Tim W. Koerner & Assoc., Inc. v. Aspen Labs, Inc., 492 F. Supp. 294 (S.D. Tex. 1980)

U.S. District Court for the Southern District of Texas - 492 F. Supp. 294 (S.D. Tex. 1980)
June 12, 1980

492 F. Supp. 294 (1980)

TIM W. KOERNER & ASSOCIATES, INC., et al., Plaintiff,
v.
ASPEN LABS, INC., Zimmer U.S.A., Inc. and Bristol-Myers Company, Defendants.

Civ. A. No. H-77-1597.

United States District Court, S. D. Texas, Houston Division.

June 12, 1980.

*295 *296 *297 Louis R. Koerner, Jr., New Orleans, and John A. Graml, Houston, Tex., for plaintiff.

Fulbright & Jaworski, William R. Pakalka, Houston, Tex., for defendants.

 
MEMORANDUM AND ORDER

STERLING, District Judge.

Pending before the Court are Defendants' motion for summary judgment, Plaintiff Tim Koerner and Associates, Inc.'s motion to compel discovery, Plaintiffs' motion to transfer pursuant to 28 U.S.C. §§ 1404 and 1407, and Plaintiffs' motion to stay briefing for and consideration of the motion for summary judgment.

This is a private antitrust action in which Plaintiffs, who have engaged in the business of distributing and selling orthopedic and electrosurgical supplies, allege that Defendants have violated sections 1 and 2 of the Sherman Act, 15 U.S.C. §§ 1 and 2, section 2(a), (c) and (e) of the Robinson-Patman Price Discrimination Act, 15 U.S.C. § 13(a), (c) and (e), and sections 3 and 7 of the Clayton Act, 15 U.S.C. §§ 14 and 18. Additionally, Plaintiffs invoke the pendent jurisdiction of the Court to recover actual and punitive damages from Defendants for alleged violations of Texas and Louisiana contractual and antitrust law.

With regard to the federal antitrust claims, Plaintiffs have alleged in their amended complaint that Bristol-Myers Company [hereinafter Bristol-Myers], its wholly owned subsidiary Zimmer, U.S.A., Inc. [hereinafter Zimmer] and Aspen Labs, Inc. [hereinafter Aspen] have combined, contracted and conspired unreasonably to restrain interstate trade and commerce; to dominate and monopolize interstate commerce in the furnishing of orthopedic products; to discriminate, in the furnishing of services and facilities connected with sales, between different distributors of said commodities; to enter into illegal tying arrangements. Plaintiffs further allege that the acquisition by Defendant Zimmer of Aspen substantially lessened competition and tended to and did in fact create a monopoly in favor of Defendants in the sale of orthopedic and electrosurgical products.

Defendant, Aspen, is a manufacturer of electrosurgical products for use in an operating room environment. Plaintiff, Tim Koerner and Associates, Inc., became a distributor and representative for Aspen in January, 1976. There was never a written contract between Aspen and Tim Koerner and Associates, Inc. Tim Koerner, doing business as DePuy-Koener, has been a distributor of orthopedic and other products for DePuy, a division of Manheim Boerhinger, since June, 1974. Defendant, Zimmer, a wholly owned subsidiary of Bristol-Myers Company, manufactures and distributes a line of orthopedic products. DePuy is a competitor of Zimmer in the orthopedic products market.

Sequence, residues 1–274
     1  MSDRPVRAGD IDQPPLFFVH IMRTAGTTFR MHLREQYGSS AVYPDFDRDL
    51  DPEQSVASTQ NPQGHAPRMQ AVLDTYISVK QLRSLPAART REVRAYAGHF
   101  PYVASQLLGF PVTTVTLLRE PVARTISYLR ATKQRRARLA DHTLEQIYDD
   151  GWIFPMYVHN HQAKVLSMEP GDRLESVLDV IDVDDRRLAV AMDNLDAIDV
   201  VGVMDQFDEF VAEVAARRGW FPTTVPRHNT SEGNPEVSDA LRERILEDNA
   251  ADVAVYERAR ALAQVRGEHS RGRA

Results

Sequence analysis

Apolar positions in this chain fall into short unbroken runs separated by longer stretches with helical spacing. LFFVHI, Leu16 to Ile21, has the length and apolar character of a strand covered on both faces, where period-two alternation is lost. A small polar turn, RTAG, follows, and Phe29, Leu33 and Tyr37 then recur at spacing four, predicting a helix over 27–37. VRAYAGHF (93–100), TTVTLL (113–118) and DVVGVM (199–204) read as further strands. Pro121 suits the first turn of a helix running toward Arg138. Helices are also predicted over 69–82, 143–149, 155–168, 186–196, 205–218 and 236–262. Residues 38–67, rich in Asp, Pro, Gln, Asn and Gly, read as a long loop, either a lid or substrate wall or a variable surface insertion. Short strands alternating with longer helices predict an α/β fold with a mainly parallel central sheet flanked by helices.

On May 9, 1977, after extensive negotiations Zimmer purchased all of Aspen's outstanding common stock. Originally, Aspen had entered into negotiations with Zimmer to secure Zimmer as a distributor for Aspen products. The dialogue concerning a Zimmer distributorship quickly matured into a proposal by Zimmer to acquire Aspen. On or about August 31, 1977, Plaintiff, Tim Koerner and Associates, Inc., was notified that its distributorship for Aspen products would be terminated on September 30, 1977. All of Plaintiffs' claims stem from Zimmer's post acquisition decision to terminate Aspen's independent network of distributors and replace it with Zimmer's distribution system.

Before considering Defendants' motion for summary judgment, the Court will dispose of the several pending motions. Plaintiff, Tim Koerner and Associates, Inc.'s motion to compel production of documents was filed nine months after Defendant, Bristol-Myers' responses to Plaintiff's third request for production of documents and almost two months after Defendants' motion for summary judgment. Having considered the motion and examined the record the Court is of the opinion that the record has been fully developed and that this cause is ripe for summary judgment. Moreover, the Court is of the opinion that *298 Plaintiff has been inexcusably dilatory in its efforts to pursue an order to compel discovery. While there is no specific time limit under Rule 37, Fed.R.Civ.P., in which procedures to compel discovery must be undertaken, the courts have determined that "unreasonable delay can result in a waiver of a party's right to avail himself of the rule." Price v. Maryland Casualty Co., 561 F.2d 609, 611 (5th Cir. 1977); see, Aviation Specialties, Inc. v. Technologies Corp., 568 F.2d 1186, 1188-90 (5th Cir. 1978). Furthermore, Plaintiffs did not make a motion pursuant to Rule 56(f), Fed.R.Civ.P., to obtain information necessary to oppose the motion for summary judgment. See, Daniels v. All Steel Equipment, Inc., 590 F.2d 111, 113 n.3 (5th Cir. 1979). In light of the above the Court is of the opinion that Plaintiff, Tim Koerner and Associates, Inc.'s motion to compel production of documents must be DENIED.